Skye, or the Isle of Skye (; Scottish Gaelic: An t-Eilean Sgitheanach or Eilean a' Cheò), is the largest and northernmost of the major islands in the Inner Hebrides of Scotland. The island's peninsulas radiate from a mountainous centre dominated by the Cuillins, the rocky slopes of which provide some of the most dramatic mountain scenery in the country. Although it has been suggested that the Gaelic Sgitheanach describes a winged shape there is no definitive agreement as to the name's origins.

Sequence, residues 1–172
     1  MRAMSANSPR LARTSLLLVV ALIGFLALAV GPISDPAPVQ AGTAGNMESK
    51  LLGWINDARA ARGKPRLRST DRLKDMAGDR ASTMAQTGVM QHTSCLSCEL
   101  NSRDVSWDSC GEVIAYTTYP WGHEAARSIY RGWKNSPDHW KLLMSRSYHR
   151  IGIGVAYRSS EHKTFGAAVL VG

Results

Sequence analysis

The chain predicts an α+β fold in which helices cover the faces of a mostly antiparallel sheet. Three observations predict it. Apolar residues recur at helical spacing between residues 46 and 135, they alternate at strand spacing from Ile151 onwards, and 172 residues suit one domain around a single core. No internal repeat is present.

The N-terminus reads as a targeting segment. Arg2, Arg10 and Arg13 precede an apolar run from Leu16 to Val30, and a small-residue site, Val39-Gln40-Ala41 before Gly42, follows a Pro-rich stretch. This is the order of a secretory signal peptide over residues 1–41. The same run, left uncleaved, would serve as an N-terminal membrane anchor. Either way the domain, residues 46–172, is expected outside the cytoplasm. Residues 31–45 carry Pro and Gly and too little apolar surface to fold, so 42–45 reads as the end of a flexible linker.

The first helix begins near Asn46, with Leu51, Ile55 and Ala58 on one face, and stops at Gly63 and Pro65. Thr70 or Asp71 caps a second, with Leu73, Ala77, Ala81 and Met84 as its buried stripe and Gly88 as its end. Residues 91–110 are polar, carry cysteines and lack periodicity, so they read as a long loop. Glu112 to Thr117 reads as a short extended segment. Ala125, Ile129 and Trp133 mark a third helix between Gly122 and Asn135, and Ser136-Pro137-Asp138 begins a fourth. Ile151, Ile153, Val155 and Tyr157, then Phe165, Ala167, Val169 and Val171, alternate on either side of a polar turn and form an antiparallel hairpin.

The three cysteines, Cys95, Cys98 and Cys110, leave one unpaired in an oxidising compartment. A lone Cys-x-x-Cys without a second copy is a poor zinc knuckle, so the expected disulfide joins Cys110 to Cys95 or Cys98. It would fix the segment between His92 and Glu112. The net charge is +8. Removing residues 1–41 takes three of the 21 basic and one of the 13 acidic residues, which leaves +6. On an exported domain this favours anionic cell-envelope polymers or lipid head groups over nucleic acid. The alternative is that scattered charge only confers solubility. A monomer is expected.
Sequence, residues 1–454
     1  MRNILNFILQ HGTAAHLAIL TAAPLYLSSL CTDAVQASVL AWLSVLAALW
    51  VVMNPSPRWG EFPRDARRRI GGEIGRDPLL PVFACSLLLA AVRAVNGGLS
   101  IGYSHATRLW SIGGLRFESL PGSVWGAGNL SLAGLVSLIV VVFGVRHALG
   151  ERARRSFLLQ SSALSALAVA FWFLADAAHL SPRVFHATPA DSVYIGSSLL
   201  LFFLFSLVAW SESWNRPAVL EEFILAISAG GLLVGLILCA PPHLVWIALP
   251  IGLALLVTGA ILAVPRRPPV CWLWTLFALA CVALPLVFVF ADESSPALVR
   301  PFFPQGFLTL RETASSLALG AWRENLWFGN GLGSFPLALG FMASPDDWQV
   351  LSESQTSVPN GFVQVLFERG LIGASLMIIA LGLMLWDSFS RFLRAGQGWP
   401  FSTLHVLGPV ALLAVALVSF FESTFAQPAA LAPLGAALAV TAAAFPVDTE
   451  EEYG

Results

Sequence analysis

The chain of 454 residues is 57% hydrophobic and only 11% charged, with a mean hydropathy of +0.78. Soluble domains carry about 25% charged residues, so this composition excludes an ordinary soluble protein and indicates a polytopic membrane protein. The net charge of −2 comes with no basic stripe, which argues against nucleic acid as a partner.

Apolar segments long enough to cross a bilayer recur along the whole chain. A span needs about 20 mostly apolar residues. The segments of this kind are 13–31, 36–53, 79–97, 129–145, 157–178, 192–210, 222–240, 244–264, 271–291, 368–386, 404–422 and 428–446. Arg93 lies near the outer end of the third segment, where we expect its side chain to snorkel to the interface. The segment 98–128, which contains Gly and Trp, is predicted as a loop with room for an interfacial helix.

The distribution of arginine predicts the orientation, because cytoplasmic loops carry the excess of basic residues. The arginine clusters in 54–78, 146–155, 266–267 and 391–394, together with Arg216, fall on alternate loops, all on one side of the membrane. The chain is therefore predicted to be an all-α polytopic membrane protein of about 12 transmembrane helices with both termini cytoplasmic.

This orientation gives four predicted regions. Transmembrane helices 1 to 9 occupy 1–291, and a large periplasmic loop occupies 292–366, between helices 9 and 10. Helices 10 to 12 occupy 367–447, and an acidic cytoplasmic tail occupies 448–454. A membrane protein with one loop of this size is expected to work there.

The island has been occupied since the Mesolithic period, and its history includes a time of Norse rule and a long period of domination by Clan MacLeod and Clan Donald. The 18th century Jacobite risings led to the breaking up of the clan system and subsequent Clearances… more »